After several requests I’ve put together this simple Microsoft Word invoice template. I have also produced an Excel Invoice Template if preferred.
The template is very simple to use, and hopefully quite self-explanatory, but I thought I’d include some conventional wisdom for the benefit of anyone who hasn’t used a formal invoicing system in the past.
As you’ll see when opening the document I’ve built the template using a number of tables – These will not display when the document is printed. I have not locked down the document at all, so you’re free to make any changes you wish to fit the template to your needs.
In order to use the template you’ll need to make a few small changes the first time, which can then be saved so that you have a standard template that you can use in future. To start with you’ll need to add your company name and address details to the header – Just double click on the greyed out text at the top of the page to edit it. You’ll also need to edit the footer, so double click on the greyed out text at the bottom of the page and enter your company name, payment terms and contact details.
If you live in the UK, as I do, you’ll need to make a further change to the template – Replace the words ‘Sales tax’ in the middle of the page with ‘VAT’.
· Familiarise yourself with the relevant tax legislation for your country – For example in the UK you will need to include your companies VAT registration number if you have one.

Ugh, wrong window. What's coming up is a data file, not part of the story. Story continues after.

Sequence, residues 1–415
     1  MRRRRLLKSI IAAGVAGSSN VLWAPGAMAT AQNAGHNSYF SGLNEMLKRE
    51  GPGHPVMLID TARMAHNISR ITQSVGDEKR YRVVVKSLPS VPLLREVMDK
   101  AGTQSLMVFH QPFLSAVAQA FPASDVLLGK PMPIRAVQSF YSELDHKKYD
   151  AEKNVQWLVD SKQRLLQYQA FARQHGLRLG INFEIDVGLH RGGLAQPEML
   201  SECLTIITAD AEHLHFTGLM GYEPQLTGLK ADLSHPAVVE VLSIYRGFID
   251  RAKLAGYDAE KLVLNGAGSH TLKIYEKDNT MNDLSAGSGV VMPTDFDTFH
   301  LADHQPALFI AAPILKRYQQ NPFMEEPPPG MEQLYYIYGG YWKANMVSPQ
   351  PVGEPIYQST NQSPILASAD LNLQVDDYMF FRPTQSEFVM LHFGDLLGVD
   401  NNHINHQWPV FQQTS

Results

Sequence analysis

· Provide the invoice at the time of delivery for hard goods, or up front for services. If you wait until later and then provide an invoice which requests payments within a certain number of days you’re providing your customer with an unofficial payment extension.
· Its good practice to follow up an invoice with a phone call, to ensure the customer has understood what’s required of them – This is good customer service in any case so just do it!
· Some companies choose to print their terms and references on the back of each invoice. This is quite a formal approach so you may want to use discretion, particularly if you are running a small business.
· Consider your processes for collection of payments, late payments and non-payment of invoices. I suggest that you make these a high priority, as small queries from clients can otherwise lead to significant delays in payment. Keep a record of all such delays! You may also want to offer a ‘prompt payment discount’ of perhaps 1-5%, or some other similar incentive; Cash flow is king for small businesses!
I hope that you’ve found this Microsoft Word invoice template useful – please let me know your thoughts by completing the feedback form at the bottom of the page.